Sitting on a train going from New Haven to DC, I noticed something. Everyone was swallowed up by his or her device. On this Friday afternoon -- where spring was beginning to enchant the eye -- passengers' noses were buried in their laptops, cellphones, or both.
Circular Train of Thought
The guy sitting next to me had the worst of this affliction. He had a huge computer that was bigger than the tray-table. The computer had a touchscreen, which he would continuously tap. Leaning along side this mammoth machine was an equally as oversize cellphone, which would occasionally fall off the table when the train hit a bump. This poor soul would reach over to the phone when the screen changed color or when it vibrated. Sometimes he would just reach it to see what time it was, which he could have easily figured out by just adding 30 seconds to the last time he checked it. He was caught in a Pavlovian loop of touching the computer screen and reaching for his cell phone without any Crtl-Alt-Del buttons in sight.
This was a Friday evening on the train. It should have been the time to log off from work, from the week, and from the world. However, what I was witnessing with my fellow traveler was not relaxation. And I grew saddened by the fact that he didn't know how to log-off, or know the benefits of being a bit bored.
Too Much Information
When I am writing, I sit at a computer with the Wi-Fi turned off. I'll be the first to admit that staring at a blank page is hard and a bit boring. But this space of logging off is exactly the space needed for me to create. It is the disconnecting that makes room for words to come onto a page or screen.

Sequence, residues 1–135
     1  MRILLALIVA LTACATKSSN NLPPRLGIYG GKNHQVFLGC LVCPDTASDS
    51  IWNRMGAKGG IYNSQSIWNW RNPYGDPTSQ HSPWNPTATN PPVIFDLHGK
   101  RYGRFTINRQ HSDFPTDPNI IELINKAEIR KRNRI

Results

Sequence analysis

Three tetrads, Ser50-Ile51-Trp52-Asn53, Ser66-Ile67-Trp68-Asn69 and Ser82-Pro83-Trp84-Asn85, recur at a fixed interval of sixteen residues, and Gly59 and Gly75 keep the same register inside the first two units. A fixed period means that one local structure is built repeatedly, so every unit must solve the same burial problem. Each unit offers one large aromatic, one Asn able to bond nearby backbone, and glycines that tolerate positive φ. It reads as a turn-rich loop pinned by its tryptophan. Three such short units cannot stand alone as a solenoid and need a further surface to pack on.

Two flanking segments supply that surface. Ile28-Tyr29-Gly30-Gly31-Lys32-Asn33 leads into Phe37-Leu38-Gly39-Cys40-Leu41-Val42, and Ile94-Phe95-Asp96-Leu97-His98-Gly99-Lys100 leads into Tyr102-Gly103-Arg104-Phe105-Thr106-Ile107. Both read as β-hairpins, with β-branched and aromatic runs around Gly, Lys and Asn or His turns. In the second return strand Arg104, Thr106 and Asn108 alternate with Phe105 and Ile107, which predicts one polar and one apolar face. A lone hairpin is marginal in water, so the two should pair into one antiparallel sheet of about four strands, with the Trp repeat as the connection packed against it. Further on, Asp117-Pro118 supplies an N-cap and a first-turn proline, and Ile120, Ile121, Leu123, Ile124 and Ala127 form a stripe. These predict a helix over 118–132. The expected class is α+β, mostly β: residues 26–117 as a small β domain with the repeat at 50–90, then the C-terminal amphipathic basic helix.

To create, we need to make space for our creation. Think of it this way -- Emily Dickinson might not have written a word if she kept getting text messages. Thomas Edison might not have created the light bulb if he was sitting on his Facebook page. Steve Jobs might not have made the Mac if he was sucked into Candy Crush. Yet this is the world that we live in. We are highly over-stimulated.
We are hopped up on technology, and it will only get worse unless we individually make some choices to log off occasionally. We have to do it intentionally. There isn't an app for that.
The brain is a wonderful computer, but unlike our devices, it needs to log-off occasionally in order to work better. When I was growing up, television used to sign off late in the evening. Today, television programming is 24/7. And this state of "being on" gives me concern that our children will not learn how to rest their brains. There are benefits to being bored and unoccupied, but our children will never learn them.
Making Room for Boredom and Creativity
We have devices, cellphones, social media, and apps to fill the empty space. However, a recent study shows the benefits of boredom. A bit of boredom increases creativity. In one study, researchers had two groups -- one that did a boring task of copying phone numbers onto a page for 15 minutes, and another group that did not. Both groups were then asked to work on a task that allowed them to show their creativity. In each case, the "bored" group performed better. "Boredom . . . has always been seen as something to be eliminated, but perhaps we should be embracing it in order to enhance our creativity," says Dr. Sandi Mann, a professor of psychology at the University of Central Lancashire (U.K.) and one of the researchers of this study.
When you are not consumed by technology, your brain has space to breathe and to create.
So how do we make space for boredom? Have children sit for a few minutes, and let their minds wander. Afterward, have them report out what they thought about. Make it a game. Give them a chance to experience boredom briefly -- their creative brains will thank you in the future.